Why You Kind of Need to See Bong Joon-Ho’s Parasite


The reason I give you for needing to see Bong Joon-Ho’s movie Parasite might be different than you’re expecting, largely because calling as ground-breaking as Sandy Schaefer from ScreenRant seems to indicate is a little too difficult. It’s easy to see just how one might take one opinion or another when looking at the different elements that have been thrust into this movie, namely the idea that the system is broken and is responsible for why the poor family, or that the rich family, the Parks, are able to do just about anything they want because of privilege. The real idea of the movie is that rich, poor, or otherwise, everyone has faults that are exposed in a big way when things begin to fall apart and the character traits of each individual are put on display. Those that are classified as the have-nots can be every bit as intelligent and crafty as the haves, while the haves can be every bit as devious and fallible as the have-nots. And those in-between are usually stuck in the middle of something, no matter what it is, and are prone to do whatever comes natural, for good or ill. In other words it’s a movie about humanity that isn’t nearly as complex as people are trying to make it out to be, but it’s something you might want to watch for a bit of dark satire at the very least.

It’s very easy to blame a system when the decisions of a few are seen to have almost no impact on whether their lives can improve or not, but it’s even more difficult when the system is designed to allow people to make their own fate and yet the eyes of those that have the opportunity are closed by ignorance or some ill-advised belief that capitalism is the root of all evil. A capitalist society isn’t perfect by any means, but showing the evils it can produce without really giving much of a balance as to what it can provide to those that are intelligent enough, ambitious enough, and possess the kind of will to succeed tends to make it obvious to many people that capitalism is simply to blame for the ills of the many that can’t seem to rise from their current station. The movie is a definite commentary on the vast difference between the rich and the poor with the middle class stuck in, well, the middle, but it’s also a slightly unbalanced look at a system that might be harder to accept for some people, but is more liberating in the long run. Claudia Valladares of World Economic Forum might be able to shed some light on the subject for some people.

As to the movie it’s a tale about a continuing scam that is meant to help the family that’s in need, but eventually becomes little more than a chance for the family to better themselves by taking advantage of the Parks by posing as those that know something they don’t. It’s easy to state that the Parks’ reaction to the family members, who are all posing as experts in their given positions as well as strangers to each other, is less than appealing since they seem to feel that the individuals are beneath them and are there for the sole purpose of serving them. But if you’re going into this movie expecting to know who’s in the right and who’s in the wrong you’re going to be doing a mental tap dance throughout the entire movie since the morality meter is bound to jump back and forth without cease. Some will be sympathetic to the poor family, some will be sympathetic to the rich family, and some might even feel sympathy for the people stuck in between, but at the very least you’ll be likely to wonder just where or why you should even care for some of these characters.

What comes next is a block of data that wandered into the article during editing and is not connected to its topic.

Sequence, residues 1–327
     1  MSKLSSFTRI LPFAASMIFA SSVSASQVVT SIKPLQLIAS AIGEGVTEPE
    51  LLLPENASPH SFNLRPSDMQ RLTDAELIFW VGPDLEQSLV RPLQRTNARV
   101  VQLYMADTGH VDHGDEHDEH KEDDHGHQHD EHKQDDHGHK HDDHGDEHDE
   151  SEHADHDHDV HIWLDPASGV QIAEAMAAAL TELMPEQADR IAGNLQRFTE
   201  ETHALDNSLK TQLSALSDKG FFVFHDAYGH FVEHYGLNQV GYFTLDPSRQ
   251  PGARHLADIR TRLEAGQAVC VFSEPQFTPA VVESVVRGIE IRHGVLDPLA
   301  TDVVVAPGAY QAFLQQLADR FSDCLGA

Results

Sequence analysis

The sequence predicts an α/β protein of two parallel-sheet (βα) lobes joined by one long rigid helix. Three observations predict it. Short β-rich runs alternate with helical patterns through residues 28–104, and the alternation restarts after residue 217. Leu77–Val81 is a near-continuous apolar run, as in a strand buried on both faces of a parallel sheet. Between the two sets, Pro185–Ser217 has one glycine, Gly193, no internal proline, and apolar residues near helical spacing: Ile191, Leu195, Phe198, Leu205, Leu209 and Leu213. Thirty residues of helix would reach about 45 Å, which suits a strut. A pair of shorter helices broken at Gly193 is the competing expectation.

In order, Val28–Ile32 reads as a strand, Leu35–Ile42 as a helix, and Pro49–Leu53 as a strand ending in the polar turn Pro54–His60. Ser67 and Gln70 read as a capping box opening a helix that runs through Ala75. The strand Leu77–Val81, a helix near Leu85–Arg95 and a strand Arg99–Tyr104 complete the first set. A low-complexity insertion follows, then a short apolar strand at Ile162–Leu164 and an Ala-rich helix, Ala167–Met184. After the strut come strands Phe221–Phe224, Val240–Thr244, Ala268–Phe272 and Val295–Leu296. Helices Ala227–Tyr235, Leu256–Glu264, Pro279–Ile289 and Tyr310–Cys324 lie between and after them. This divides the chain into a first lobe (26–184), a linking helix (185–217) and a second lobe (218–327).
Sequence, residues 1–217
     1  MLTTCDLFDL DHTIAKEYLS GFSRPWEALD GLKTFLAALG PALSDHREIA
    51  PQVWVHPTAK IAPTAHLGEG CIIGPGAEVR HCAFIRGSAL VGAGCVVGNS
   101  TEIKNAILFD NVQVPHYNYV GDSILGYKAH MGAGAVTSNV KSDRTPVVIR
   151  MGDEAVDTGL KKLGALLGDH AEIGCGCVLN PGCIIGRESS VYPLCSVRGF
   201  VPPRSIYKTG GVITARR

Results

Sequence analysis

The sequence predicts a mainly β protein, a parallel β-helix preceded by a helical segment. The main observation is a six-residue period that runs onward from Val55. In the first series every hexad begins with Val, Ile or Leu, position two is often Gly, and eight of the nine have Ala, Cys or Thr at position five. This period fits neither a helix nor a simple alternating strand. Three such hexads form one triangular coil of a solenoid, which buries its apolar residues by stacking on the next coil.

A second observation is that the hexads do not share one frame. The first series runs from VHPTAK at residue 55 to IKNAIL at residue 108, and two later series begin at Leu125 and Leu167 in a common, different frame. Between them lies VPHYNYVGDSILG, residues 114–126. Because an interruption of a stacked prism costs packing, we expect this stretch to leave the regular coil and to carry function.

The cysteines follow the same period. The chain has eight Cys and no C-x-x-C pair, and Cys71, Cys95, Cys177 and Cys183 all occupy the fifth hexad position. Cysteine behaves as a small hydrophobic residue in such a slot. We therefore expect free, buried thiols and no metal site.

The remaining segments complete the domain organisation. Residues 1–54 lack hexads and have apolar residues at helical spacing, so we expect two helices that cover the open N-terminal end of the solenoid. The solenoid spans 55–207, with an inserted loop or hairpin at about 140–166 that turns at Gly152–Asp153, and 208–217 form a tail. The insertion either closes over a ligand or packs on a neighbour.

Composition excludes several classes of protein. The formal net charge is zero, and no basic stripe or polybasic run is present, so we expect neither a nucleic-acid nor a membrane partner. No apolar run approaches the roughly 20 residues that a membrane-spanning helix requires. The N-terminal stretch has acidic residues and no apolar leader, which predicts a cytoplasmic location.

The movie is one that will open your eyes to things that you might not have thought about in a while, but at the same time it will likely remind you that the system we live in is flawed, but it’s not to be blamed for individual choice since it wouldn’t matter what system we live under, personal choice is still a very powerful ability that each person possesses, and how we take advantage of it tends to indicate just what kind of person we are or are going to be. In attributing too much responsibility to the system for the many shortcomings of one or many people it becomes too easy to shuck responsibility for one’s actions and simply coast by on the feeling that things are not your fault. The movie is worth watching by all means, but go into it without any expectations and you might come out thinking that it was a pleasant fiction if nothing else. That seems like the best way to do it.  Neda Ulaby of NPR can offer another viewpoint if you’re still needing clarification.

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